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AI's Less-Famous But Talented Sibling: Natural Language Generation

February 09, 2018 artificial intelligence

Please, spare a kind thought for Ezekiel Emanuel, Anne Brontë, or Ted Kennedy.  Life in the shadow of more famous siblings must be challenging.

Ezekiel Emanuel is a highly-credentialed, successful physician and the older brother of both Rahm Emanuel (Mayor of Chicago, Obama's Chief of Staff and US Congressman) and Ari Emanuel (Hollywood 'superagent').  Anne Brontë was a talented 19th-century novelist in her own right, whose elder sisters were Charlotte Brontë (author of Jane Eyre) and Emily Brontë (author of Wuthering Heights.)  And of course, Ted Kennedy built a distinguished senatorial career in the long shadows cast by his martyred elder brothers, JFK and Bobby.

What do less-famous siblings have to do with Artificial Intelligence (AI)?

You can think of AI applications as an extended family, containing different branches and siblings within each branch.  There's an Imaging branch, which includes facial recognition technologies such as those found in the iPhone X and Facebook's auto-tagging of photos.  There's a Gaming Branch, which includes computer 'players' that can beat the best human masters at Jeopardy, Chess, and Go.  There are other branches of AI.  But none fascinates me more than the Language branch.

The Language branch of AI contains 3 siblings:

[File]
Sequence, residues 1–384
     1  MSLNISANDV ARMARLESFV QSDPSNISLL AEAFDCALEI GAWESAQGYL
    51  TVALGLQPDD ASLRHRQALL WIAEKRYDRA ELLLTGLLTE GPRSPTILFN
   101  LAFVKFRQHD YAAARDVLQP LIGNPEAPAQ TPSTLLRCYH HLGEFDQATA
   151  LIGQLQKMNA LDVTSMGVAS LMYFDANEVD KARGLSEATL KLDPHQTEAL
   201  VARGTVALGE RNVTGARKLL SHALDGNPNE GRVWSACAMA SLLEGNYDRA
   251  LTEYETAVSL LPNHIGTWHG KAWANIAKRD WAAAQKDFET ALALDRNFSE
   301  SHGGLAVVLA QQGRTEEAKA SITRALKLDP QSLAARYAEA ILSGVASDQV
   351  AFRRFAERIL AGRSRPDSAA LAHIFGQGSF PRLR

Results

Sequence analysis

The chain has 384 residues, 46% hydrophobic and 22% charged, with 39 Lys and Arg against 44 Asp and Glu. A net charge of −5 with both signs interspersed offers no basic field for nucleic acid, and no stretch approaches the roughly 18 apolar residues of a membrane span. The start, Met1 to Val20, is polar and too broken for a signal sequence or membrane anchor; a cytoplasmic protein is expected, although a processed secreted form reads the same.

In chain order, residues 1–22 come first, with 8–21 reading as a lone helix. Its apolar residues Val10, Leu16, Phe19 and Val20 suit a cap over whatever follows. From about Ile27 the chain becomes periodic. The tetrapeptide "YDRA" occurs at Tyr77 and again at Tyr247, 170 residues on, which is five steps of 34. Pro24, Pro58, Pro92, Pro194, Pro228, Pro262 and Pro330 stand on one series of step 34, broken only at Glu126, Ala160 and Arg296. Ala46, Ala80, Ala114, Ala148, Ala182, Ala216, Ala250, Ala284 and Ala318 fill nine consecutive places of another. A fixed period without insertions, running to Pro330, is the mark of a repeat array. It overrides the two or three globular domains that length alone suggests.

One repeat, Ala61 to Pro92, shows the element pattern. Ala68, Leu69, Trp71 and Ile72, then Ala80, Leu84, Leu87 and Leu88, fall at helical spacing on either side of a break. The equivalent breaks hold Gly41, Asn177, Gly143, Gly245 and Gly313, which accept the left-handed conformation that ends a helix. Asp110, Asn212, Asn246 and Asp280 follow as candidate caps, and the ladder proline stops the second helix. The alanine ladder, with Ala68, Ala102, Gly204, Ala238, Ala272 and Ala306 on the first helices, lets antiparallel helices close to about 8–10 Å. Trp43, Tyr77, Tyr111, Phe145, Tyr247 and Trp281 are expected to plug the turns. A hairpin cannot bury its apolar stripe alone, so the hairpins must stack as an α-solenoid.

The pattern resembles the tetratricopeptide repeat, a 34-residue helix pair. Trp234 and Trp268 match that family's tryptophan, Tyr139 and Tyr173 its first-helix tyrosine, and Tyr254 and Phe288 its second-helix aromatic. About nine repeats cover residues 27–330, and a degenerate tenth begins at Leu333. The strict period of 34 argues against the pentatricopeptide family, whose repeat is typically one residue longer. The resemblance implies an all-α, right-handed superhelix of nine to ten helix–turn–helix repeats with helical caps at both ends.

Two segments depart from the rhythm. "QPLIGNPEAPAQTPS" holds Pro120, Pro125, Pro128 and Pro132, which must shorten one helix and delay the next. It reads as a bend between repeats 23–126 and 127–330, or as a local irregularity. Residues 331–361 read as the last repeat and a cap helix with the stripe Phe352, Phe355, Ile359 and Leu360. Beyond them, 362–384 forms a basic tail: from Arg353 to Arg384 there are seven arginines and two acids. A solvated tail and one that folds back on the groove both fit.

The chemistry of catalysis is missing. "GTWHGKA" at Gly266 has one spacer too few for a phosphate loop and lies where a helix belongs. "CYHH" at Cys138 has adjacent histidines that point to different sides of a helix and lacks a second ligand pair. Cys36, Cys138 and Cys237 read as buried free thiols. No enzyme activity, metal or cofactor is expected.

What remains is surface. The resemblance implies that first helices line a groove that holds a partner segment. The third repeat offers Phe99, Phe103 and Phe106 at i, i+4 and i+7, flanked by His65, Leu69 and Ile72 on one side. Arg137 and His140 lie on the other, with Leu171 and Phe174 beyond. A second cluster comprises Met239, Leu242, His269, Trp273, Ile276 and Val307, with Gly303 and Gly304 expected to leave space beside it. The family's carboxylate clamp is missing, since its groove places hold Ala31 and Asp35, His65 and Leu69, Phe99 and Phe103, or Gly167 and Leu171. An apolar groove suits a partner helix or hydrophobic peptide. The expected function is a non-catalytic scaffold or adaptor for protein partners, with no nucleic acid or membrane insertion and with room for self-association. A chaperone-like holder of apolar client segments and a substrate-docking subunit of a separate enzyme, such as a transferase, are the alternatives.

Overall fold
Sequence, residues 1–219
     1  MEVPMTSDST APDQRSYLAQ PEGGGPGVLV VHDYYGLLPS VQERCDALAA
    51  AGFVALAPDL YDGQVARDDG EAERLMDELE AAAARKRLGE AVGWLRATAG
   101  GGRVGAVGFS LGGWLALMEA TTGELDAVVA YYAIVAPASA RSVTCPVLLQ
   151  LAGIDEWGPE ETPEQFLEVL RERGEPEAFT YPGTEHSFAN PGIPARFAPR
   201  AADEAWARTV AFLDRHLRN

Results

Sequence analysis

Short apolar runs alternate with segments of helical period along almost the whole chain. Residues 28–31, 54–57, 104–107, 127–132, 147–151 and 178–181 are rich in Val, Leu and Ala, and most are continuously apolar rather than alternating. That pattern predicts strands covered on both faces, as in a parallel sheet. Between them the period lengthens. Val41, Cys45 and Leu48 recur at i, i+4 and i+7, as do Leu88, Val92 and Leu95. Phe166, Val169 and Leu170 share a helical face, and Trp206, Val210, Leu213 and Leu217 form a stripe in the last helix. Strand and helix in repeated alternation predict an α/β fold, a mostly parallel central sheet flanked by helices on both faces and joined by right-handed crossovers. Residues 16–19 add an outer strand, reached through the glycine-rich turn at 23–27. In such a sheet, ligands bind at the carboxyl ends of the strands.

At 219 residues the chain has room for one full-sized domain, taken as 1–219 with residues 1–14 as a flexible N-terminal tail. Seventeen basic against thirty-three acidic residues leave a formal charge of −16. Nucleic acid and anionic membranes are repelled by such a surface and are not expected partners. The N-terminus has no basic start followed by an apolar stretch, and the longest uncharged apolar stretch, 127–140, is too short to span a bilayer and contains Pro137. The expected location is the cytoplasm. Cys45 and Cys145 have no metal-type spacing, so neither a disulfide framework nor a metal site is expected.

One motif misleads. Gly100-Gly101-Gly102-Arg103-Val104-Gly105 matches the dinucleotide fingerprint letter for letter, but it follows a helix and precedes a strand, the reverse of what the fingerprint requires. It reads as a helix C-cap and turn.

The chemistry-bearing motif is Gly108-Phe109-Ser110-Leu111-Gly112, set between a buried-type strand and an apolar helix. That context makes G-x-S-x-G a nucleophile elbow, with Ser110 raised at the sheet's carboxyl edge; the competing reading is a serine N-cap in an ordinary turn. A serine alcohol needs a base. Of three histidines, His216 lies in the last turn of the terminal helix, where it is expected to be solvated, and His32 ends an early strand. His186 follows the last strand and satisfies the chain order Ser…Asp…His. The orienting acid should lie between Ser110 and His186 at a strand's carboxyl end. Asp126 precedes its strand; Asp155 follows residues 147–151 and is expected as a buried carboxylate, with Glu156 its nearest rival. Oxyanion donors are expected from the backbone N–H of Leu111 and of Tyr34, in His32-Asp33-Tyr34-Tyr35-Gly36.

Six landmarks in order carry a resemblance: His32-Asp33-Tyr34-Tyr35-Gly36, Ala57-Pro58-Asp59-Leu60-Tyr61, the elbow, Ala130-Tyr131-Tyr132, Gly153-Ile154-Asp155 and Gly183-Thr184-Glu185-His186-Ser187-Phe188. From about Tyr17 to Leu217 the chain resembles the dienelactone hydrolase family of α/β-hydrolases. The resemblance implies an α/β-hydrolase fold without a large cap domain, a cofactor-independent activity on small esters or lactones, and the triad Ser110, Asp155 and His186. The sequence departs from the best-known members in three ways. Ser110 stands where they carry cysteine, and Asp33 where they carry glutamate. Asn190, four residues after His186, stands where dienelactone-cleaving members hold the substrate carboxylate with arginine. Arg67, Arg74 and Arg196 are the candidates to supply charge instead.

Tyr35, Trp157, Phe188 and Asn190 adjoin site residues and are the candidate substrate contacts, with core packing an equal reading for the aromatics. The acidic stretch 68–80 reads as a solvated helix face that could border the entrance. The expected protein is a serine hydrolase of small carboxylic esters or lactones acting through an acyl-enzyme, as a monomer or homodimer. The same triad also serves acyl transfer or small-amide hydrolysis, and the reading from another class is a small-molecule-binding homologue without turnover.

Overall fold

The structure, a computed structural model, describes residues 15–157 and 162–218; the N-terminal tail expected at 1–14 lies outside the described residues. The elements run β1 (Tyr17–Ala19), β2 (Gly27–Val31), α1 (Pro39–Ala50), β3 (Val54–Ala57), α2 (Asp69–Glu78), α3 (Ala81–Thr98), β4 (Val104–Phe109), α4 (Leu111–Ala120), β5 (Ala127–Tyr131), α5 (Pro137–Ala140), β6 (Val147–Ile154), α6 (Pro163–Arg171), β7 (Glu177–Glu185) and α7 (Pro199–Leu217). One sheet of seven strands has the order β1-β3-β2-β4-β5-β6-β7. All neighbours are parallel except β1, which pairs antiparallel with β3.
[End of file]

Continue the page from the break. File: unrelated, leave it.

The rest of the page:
• Natural Language Processing (NLP) - computers reading language
  • Natural Language Understanding (NLU) - computers understanding language
  • Natural Language Generation (NLG) - computers writing language

Like the Kennedy, Brontë and Emanuel families, the level of fame between siblings of AI's Language branch is uneven.  Two of the siblings are celebrated more than third, rather unfairly.  Let's look at each one.

AI's star siblings

NLP is the eldest.  She has a couple decades' experience reading text and finding what's useful.  Ever typed a sentence into Google?  NLP parses your prose to generate relevant search results.  NLP analysis of keywords is also a big factor in making web pages searchable.  And remember email in the mid-2000's, when your inbox was choked with spam?  You can thank NLP for solving that problem.

NLU is the young ingenue - the one everybody's excited about.  NLU quietly watched and learned from big sister NLP, until she got her big break as the voice of Siri on the iPhone, followed by the voice of Amazon’s Alexa and Google's Assistant.  When you're conversing with a computer in speech or type, it's NLU that make you feel sort of like you're talking with a human.  As NLU software gets trained by conversing with millions more humans each year, she gets better and better at making us feel understood.

Chances are good that when you hear a story about AI, it involves NLP or NLU.  Their fame is deserved - they’ve made big impacts on our communications, culture and commerce in a very short time.  But there's a third sister who deserves attention in her own right - and has the potential to be equally transformative.

The overlooked middle child

NLG is when computers communicate with us in language that seems as though it was written by a human - specific, varied, and natural-sounding.  Yet unlike a human, NLG can write thousands of pages of human-seeming language every second.  (It doesn't suffer from writer's block.)

NLG does this by combining 3 things: